Objectives of the service
KVS Technologies’ customers are companies that operate the power line networks. These power lines are inspected by employees who walk for miles on foot, often in challenging weather conditions, which is physically demanding and time-consuming. Helicopters can be used instead, but they take time to mobilise, which is disadvantageous in emergencies. Helicopters also come with a high safety risk for personnel onboard in extreme weather, and cause noise and air pollution.
Instead of having people or helicopters inspect the power grid, KVS Technologies uses automated drones. These drones are mobilized from drone hangars which are placed on the power grid, and they fly out over the grid taking images of the masts. These images are available to the customer in real-time, so that they can find errors on their grids faster and more safely and efficiently than before.
However, areas outside of range for terrestrial communication systems provide challenges. By combining the cost effectiveness and high bandwidth of terrestrial cellular networks, with the full coverage of satellite communication by automated adjustment of the communication link based on the available bandwidth and communication technology, the service aimed to provide the customer with inspection data from their entire asset in real time.
Users and their needs
Power grid owners in Norway are obliged by law to carry out annual inspections of their power grid. The purpose of these inspections is to uncover issues such as rotting masts, missing or damaged isolators, or trees that are in danger of falling over. All of these issues must be dealt with before they lead to a power outage, a situation which has inconvenient and negative consequences for thousands of everyday consumers. Apart from annual inspections, power grid operators also need to carry out emergency operations in the event of power outages, where they need to localise errors on their grid and carry out repair works.
Service/ system concept
KVS Technologies has established the necessary building blocks for the first commercially available service, which automates drones to fly along the power grid in order to collect inspection imagery for its customers. The system utilises drones from different drone suppliers to be integrated since KVS uses a standardized protocol for communication with the drones. Together with developed hardware components, KVS adds the sensors and software to make the system able to automatically perform safe beyond visual line of sight flights (which comply with air space regulations for drones). The system is comprised of the drone, the image capturing system onboard the drone, mission planning software, flight operations software, a data delivery platform in the cloud, and a backend system tying it all together. All of this is what makes up KVS Technologies’ service offering to its customers.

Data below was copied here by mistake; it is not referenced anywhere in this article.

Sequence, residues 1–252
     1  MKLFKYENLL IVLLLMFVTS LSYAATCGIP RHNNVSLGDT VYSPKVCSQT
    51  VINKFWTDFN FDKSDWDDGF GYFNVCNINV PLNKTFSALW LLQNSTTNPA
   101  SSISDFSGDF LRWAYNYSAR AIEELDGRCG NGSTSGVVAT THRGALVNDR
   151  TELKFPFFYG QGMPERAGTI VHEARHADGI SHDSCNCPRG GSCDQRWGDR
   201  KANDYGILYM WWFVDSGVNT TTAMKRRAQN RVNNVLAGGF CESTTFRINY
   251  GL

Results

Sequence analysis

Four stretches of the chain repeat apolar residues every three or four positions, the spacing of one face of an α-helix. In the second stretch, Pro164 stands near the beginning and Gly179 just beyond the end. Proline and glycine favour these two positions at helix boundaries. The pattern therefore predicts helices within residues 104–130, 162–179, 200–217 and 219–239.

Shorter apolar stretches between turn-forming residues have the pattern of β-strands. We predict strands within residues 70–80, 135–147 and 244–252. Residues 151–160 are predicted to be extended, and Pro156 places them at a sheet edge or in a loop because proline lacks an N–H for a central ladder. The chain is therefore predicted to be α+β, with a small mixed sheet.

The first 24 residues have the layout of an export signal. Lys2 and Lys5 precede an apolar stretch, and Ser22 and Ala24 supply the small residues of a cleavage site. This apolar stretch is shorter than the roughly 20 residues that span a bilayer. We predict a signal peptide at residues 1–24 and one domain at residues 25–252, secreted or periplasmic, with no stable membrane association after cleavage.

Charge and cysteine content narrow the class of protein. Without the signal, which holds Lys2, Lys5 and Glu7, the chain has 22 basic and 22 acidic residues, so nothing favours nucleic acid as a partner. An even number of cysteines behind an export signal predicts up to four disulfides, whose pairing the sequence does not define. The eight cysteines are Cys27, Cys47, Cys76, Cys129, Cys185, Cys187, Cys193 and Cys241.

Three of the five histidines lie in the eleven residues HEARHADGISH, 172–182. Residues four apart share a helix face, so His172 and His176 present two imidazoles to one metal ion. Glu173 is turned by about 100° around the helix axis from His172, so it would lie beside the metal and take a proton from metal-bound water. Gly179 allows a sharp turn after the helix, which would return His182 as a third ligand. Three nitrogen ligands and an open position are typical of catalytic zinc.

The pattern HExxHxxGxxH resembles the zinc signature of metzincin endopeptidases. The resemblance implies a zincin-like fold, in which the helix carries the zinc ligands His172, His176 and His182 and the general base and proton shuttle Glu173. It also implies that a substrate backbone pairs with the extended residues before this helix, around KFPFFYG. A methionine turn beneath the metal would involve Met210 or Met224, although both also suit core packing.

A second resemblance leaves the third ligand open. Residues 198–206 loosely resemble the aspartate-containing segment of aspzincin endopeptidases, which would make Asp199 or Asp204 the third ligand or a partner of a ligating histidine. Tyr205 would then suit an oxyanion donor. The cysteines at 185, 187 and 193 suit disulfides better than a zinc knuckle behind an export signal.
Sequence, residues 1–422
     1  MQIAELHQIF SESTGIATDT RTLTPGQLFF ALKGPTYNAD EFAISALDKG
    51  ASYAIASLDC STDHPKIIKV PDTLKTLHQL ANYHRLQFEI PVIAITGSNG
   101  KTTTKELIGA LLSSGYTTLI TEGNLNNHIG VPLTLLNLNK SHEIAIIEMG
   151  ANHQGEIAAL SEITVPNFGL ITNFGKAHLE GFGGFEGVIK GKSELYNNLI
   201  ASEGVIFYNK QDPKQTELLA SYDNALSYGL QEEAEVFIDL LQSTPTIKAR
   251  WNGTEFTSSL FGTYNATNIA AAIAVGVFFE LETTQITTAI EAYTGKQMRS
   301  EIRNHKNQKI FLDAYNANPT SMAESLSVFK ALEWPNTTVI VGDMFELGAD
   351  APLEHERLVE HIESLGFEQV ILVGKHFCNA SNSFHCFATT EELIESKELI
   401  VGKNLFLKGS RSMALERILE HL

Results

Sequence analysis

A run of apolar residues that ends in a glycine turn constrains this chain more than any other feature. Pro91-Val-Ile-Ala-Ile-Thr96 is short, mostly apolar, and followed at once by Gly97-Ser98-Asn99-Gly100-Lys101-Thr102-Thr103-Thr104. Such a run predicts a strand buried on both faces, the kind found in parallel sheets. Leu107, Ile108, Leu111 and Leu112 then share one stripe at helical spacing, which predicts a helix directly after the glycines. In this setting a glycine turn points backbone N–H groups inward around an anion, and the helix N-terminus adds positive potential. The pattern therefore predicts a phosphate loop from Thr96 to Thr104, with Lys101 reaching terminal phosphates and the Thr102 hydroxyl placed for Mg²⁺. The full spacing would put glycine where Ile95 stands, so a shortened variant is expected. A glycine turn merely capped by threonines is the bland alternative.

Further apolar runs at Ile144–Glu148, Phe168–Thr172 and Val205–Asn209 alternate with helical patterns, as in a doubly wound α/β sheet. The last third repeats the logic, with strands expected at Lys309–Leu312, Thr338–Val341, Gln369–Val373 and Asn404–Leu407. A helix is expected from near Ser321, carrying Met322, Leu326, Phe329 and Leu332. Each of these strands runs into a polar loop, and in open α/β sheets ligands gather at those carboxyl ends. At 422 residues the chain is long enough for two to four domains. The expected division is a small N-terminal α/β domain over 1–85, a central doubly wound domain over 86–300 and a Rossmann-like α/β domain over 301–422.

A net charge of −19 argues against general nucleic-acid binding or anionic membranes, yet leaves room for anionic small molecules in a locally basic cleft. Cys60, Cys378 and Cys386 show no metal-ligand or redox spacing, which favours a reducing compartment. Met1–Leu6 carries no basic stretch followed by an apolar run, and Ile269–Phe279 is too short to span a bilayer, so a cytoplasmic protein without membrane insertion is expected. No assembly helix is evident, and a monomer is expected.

Figure 1 KVS Automated Drone Hangar
|Figure 2 KVS Cloud example data|
The system delivers high quality inspection imagery of the customers assets directly from out in the field in near real-time through automated aiming of the camera and automated
generation of flight routes.
Figure 3 - KVS Service Value Chain
Space Added Value
At the current stage none of the space assets explored during the kick-start activity has been implemented as part of KVS Technologies’ provided service offerings.
For future improvement of the service, KVS Technologies is planning to use low bandwidth and low cost satellite communication running on the Iridium Network to transfer telemetry data from the drones, and commands to the drone, for short periods in areas outside of terrestrial communication network coverage.
This technology could enable bridging the gap between terrestrial networks, whilst still able to deliver a cost effective solution within the customers’ budgets.
This solution would, however, require significant work with the aviation authorities to establish the required operational procedures and approvals due to lack of video stream to the operator.
The commercial service is currently being rolled out without Earth observation or satellite communication capabilities as pilot projects for several of the major power grid operators in Norway with a combination of development contracts and commercial inspections.
In addition, several follow-on research projects have started to further develop the technology to expand the capability of safer flights, quicker planning and higher quality inspection data.